5 Thor: Ragnarok (2017)

Chris Hemsworth as Thor looking concerned in Thor Ragnarok

Taika Waititi revitalized the God of Thunder’s MCU solo franchise with the bursts of color, compelling character beats, and wonderfully wacky sense of humor in Thor: Ragnarok.

Ragnarok has a steady stream of hilarious sight gags like the Willy Wonka tunnel illusion and riveting action sequences like the dogfight on Sakaar. Chris Hemsworth has more fun with the role than ever before, and Tessa Thompson’s Valkyrie gets an awesome debut.

4 Captain America: The Winter Soldier (2014)

Bucky in Captain America The Winter Soldier

The Russo brothers’ first Marvel movie was strong enough for Kevin Feige to keep bringing them back all the way to Avengers: Endgame. Captain America: The Winter Soldier is a paranoid political thriller about oversurveillance.

Not only does The Winter Soldier have some of Marvel’s most intense action sequences; it also has a genuinely moving emotional connection between the hero and villain – a rarity in the MCU – as Cap’s now-superhuman best friend has been brainwashed to assassinate him.

3 Spider-Man: No Way Home (2021)

The three Spider-Men hug in Spider-Man: No Way Home.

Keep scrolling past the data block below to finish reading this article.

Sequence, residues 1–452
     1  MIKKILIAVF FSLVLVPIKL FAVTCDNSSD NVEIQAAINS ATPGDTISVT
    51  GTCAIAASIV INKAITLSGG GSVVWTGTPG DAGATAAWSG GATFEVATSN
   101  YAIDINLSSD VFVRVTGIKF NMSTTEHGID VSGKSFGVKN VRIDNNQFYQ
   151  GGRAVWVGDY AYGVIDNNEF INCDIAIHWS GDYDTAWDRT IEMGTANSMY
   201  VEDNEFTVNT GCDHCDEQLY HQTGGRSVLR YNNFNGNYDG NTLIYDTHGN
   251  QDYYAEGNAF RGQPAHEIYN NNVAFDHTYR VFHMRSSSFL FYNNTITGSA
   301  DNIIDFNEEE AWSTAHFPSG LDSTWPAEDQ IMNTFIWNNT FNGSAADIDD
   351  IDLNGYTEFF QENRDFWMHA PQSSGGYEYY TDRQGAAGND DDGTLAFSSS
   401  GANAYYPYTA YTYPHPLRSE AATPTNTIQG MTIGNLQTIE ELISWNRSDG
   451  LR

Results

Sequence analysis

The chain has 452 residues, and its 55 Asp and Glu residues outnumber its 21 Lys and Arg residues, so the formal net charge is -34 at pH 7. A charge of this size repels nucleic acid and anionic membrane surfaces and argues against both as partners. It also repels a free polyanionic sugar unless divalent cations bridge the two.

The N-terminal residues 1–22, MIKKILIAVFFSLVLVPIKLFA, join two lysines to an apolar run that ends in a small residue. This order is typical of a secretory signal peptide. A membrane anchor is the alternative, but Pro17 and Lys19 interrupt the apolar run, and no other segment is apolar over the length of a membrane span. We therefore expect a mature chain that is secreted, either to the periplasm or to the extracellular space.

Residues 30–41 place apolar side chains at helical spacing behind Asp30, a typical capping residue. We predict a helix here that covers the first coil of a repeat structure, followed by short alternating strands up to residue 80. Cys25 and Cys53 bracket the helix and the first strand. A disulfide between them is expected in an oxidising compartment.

Watts’ trilogy-closing Spidey epic Spider-Man: No Way Home circumvents the trappings of a solo adventure. No Way Home is technically a solo movie, but it’s really an ensemble team-up movie in which an iconic superhero teams up with two multiversal variants of himself.

No Way Home is one of the longest MCU movies, but not a second is wasted. It starts to slow down when Peter takes the villains to Happy’s condo, but that’s when Tobey Maguire and Andrew Garfield show up.

2 Black Panther (2018)

Chadwick Boseman in Black Panther

Ryan Coogler’s Black Panther was the first Marvel Studios production – and the first superhero movie – to receive a much-deserved Best Picture nomination at the Academy Awards. The movie’s classical “hero’s journey” storytelling holds up, and Chadwick Boseman is a quintessential hero that fans of all ages can look up to.

Erik Killmonger is one of the most complex and surprisingly sympathetic villains in the MCU. Coogler brings Wakanda to life with stunning visuals and immersive worldbuilding.

1 Iron Man (2008)

Robert Downey Jr. in Iron Man 2008

The first ever entry in the MCU still holds up as one of its best. When he helmed the original Iron Man movie, Jon Favreau wasn’t focused on setting up a huge, interconnected universe.

The director just focused on telling Tony Stark’s story and making him a character that audiences could root for. Iron Man hits all the familiar beats of a superhero origin story, but Robert Downey, Jr.’s semi-improvised riffs give the movie a loose, spontaneous feel.

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About The Author

Ben Sherlock
(3653 Articles Published)

Ben Sherlock is a writer, comedian, independent filmmaker, and Burt Reynolds enthusiast. He writes lists for Screen Rant and features and reviews for Game Rant. He’s currently in pre-production on his first feature (and has been for a while, because filmmaking is expensive). You can catch him performing standup at odd pubs around the UK that will give him stage time. Previously, he wrote for Taste of Cinema, Comic Book Resources, and BabbleTop.